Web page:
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Inverse Design of Photonics

The design of digital circuits is currently dominated by hardware description languages such as Verilog and VHDL. This automation of circuit design has enabled the development of modern computer processors with billions of transistors. Integrated photonic devices, on the other hand, are still designed by hand. A designer first picks a basic design based on analytic theory with a handful (2 - 6) of free parameters. The designer then tunes these parameters by running many optical simulations. This brute-force approach is inefficient and limits the designer to a small library of known devices.

What if, however, we were able to search the full space of fabricable devices? If we could do this successfully, we would be guaranteed to improve device performance and shrink device sizes. Unfortunately, the space of fabricable devices is absolutely enormous. For example, suppose we want to design a silicon photonics device with a 1x1 μm design region. If we divide it into 0.1x0.1 μm pixels, easily achievable with modern nanofabrication, and allow each pixel to either contain silicon (1) or not (0), then we have 2100, approximately 1030, possible devices.

Ideally, we'd want an optimization algorithm whose computational cost is independent of the number of free parameters in the design. This would allow us to design devices that exploit the full space of fabricable devices. Thankfully, it turns out that such optimization methods exist! Related methods have long been used in other fields such as aerospace design and machine learning, but they were only recently introduced to optical design.

Our research group has developed software package, Spins,  that uses such methods to design arbitrary photonic devices. Spins is available as fully-featured optimization design suite available license through Stanford OTL. In addition, we also have an open source package, Spins-B. Our algorithm allows the user to ‘design by specification’, whereby the user simply specifies the design area and desired functionality of the device, and the algorithm finds a structure that meets these requirements. One such device we designed using our algorithm is a TE / TM splitter (Figure 1). This device splits the two incident polarizations of light into separate output waveguides within a footprint of 2.8x 2.8 μm. In simulations, it has an insertion loss of only 0.9 dB and a crosstalk of less than 19 dB.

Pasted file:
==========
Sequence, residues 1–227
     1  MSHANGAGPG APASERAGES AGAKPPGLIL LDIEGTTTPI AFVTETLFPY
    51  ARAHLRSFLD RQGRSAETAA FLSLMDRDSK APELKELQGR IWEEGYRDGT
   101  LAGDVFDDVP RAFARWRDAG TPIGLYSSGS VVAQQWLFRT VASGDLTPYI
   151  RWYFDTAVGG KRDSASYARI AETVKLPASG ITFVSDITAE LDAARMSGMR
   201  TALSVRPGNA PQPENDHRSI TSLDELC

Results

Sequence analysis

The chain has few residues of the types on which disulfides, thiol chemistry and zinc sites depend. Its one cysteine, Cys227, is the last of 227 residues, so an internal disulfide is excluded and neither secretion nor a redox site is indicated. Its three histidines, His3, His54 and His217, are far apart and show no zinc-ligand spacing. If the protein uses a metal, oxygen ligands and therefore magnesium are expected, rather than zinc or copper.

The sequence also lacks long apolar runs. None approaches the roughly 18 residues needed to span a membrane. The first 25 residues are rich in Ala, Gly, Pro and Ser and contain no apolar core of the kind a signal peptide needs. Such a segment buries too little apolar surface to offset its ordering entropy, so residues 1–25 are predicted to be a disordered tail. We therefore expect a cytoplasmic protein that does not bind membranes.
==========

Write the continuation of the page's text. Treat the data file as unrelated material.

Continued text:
As a proof of concept, we designed and experimentally tested a compact demultiplexer for telecommunications wavelengths (Figure 2). This silicon photonics device splits 1300 nm and 1550 nm light with a device footprint of only 2.8x 2.8 μm. The demultiplexer has an insertion loss of 2-4 dB, crosstalk less than 11 dB, and a 3 dB bandwidth greater than 100 nm.

Prof. Vuckovic on Inverse Design Algorithm

Spins, Photonics Inverse Design Software

  • Spins, available for license through Stanford Office of Technology and Licensing 
  • Spins-B, open-source version available on Github

Relevant Publications